National Fisheries Authority executive manager, licensing and information system Leban Gisawa said the standard was important in promoting best practices for fishing vessel crews, saying that labour laws needed to protect them too.
Following the adoption of the Partnership Agreement 2021-2027 with Slovakia, the Commission has adopted the European Maritime, Fisheries and Aquaculture Fund (EMFAF) Programme for Slovakia, to implement the EU common fisheries policy (CFP) and EU policy priorities outlined in the European Green Deal. The total financial allocation for the Slovak programme 2021-2027 is €20.4 million over the next six years, of which the EU contribution accounts for €15.2 million.
The EMFAF Programme for Slovakia will help build a stronger aquaculture and processing sector in Slovakia, support innovation in productive investments, help the decarbonisation of the sectors by improving their energy efficiency, improve the market organisation and increase profitability and sustainability of the entire market chain, enhancing the role of aquaculture farms as providers of environmental services, while also ensuring the improved traceability of fish products.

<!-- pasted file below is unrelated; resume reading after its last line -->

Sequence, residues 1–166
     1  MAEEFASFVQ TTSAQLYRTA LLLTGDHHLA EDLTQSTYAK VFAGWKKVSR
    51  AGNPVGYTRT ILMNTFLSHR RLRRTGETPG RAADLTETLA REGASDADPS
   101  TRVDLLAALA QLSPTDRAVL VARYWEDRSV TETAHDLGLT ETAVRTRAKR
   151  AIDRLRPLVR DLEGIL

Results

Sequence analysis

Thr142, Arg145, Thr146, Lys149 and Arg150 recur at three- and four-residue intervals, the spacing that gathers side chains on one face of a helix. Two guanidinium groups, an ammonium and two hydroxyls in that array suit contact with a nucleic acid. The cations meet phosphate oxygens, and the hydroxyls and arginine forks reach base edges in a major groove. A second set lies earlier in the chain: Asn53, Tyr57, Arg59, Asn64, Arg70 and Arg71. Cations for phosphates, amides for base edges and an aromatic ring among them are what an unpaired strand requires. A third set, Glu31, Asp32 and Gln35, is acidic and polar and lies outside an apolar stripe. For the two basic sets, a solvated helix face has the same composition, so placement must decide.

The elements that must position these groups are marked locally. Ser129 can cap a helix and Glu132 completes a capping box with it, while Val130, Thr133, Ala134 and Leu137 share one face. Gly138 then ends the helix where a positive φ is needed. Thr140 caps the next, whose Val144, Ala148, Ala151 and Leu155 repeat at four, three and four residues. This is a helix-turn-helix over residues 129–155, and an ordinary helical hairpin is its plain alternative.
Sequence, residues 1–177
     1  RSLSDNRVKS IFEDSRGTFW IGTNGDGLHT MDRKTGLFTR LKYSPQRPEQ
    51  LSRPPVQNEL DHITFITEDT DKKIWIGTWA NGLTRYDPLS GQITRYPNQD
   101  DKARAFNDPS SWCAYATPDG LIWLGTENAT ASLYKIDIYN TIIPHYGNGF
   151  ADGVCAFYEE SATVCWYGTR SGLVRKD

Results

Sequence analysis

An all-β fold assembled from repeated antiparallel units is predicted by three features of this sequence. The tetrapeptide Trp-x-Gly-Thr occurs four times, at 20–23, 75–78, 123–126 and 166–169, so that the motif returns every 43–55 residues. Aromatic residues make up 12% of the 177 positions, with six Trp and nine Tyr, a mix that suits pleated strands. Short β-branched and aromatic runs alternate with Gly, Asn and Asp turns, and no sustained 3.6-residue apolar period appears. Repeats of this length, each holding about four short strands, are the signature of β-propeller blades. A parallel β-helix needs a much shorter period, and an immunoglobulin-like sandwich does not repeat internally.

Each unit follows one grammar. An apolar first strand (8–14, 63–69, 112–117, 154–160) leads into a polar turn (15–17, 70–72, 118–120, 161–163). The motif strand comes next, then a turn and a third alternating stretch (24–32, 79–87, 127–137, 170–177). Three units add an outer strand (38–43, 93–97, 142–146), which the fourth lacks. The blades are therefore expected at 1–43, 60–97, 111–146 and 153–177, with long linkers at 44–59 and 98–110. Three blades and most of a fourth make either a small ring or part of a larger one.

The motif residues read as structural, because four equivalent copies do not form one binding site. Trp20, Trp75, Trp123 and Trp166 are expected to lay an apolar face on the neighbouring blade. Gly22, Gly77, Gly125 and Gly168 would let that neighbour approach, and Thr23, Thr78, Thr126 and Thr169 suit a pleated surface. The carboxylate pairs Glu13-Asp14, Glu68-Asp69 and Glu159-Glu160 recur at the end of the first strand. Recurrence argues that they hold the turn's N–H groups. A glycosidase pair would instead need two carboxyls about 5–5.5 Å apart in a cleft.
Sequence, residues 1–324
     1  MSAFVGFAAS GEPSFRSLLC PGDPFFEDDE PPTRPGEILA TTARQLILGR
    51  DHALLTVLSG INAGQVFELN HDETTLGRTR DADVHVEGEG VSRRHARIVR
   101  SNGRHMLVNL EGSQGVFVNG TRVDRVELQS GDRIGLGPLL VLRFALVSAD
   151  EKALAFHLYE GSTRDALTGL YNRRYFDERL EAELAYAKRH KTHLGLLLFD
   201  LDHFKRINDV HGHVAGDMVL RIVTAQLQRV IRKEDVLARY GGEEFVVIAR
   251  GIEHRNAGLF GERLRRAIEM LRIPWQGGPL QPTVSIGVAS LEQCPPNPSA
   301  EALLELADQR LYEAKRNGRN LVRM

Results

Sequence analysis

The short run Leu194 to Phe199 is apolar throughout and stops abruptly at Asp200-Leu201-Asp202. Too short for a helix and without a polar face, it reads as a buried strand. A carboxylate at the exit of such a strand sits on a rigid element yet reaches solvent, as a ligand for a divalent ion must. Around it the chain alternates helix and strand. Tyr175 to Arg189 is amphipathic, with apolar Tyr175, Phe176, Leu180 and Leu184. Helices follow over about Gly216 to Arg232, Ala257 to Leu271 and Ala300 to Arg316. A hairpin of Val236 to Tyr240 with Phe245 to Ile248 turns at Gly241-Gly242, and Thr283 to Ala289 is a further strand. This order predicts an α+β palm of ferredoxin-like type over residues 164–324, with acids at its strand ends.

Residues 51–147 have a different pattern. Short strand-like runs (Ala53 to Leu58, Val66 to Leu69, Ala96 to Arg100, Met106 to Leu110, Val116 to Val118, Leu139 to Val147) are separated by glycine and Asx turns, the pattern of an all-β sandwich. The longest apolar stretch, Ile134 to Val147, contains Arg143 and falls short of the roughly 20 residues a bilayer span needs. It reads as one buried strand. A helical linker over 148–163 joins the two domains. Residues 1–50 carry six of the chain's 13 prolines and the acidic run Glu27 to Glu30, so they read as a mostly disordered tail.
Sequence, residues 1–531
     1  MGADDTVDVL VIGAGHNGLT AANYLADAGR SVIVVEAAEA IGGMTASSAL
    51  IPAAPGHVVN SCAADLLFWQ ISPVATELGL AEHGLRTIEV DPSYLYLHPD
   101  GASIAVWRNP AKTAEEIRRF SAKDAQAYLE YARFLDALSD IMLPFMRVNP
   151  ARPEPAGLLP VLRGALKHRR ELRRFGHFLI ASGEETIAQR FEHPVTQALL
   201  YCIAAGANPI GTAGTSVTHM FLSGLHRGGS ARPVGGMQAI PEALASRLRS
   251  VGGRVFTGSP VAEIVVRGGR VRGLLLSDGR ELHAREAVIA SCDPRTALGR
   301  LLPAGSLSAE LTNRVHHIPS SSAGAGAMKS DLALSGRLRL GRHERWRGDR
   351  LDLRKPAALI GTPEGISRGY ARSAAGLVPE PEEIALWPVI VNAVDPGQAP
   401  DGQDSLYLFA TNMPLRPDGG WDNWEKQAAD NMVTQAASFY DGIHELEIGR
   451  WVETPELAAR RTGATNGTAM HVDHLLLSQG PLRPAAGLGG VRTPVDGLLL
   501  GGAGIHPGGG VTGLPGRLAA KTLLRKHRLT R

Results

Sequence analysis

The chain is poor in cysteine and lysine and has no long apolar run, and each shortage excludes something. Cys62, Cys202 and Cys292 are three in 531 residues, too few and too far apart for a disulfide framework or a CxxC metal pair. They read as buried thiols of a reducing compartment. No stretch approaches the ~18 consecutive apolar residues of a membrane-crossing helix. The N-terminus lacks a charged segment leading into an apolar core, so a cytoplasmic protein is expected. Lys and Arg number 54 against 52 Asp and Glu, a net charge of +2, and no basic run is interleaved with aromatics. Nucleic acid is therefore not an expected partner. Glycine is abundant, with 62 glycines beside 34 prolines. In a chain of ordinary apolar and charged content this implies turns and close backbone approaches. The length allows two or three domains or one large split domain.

The Skretting company will be in charge of formulating and manufacturing the food for the tuna.
The world market for Atlantic bluefin tuna is almost entirely based on wild-capture fishing, but the German company Next Tuna is willing to break barriers and will build the first aquaculture facility for the breeding of this species in the port of Castellón. tuna.
It will do so on a scale large enough to make it commercially viable and, to achieve this, it will have a state-of-the-art facility based on recent scientific advances in tuna farming, which will apply them on the ground in a production system. Fully controlled floating RAS.
It was decided to constantly monitor prices and the range of fish products, conduct regular assessments of the compliance of the offer with the needs of tagging networks, promote dialogue between retailers and manufacturers on the platforms of industry associations to promote fish products to the domestic market, and discuss the necessary measures to protect the interests of all its participants.
The parties stressed that their partnership is aimed at developing and implementing measures to develop the domestic market and saturate it with high-quality, affordable and diverse fish products.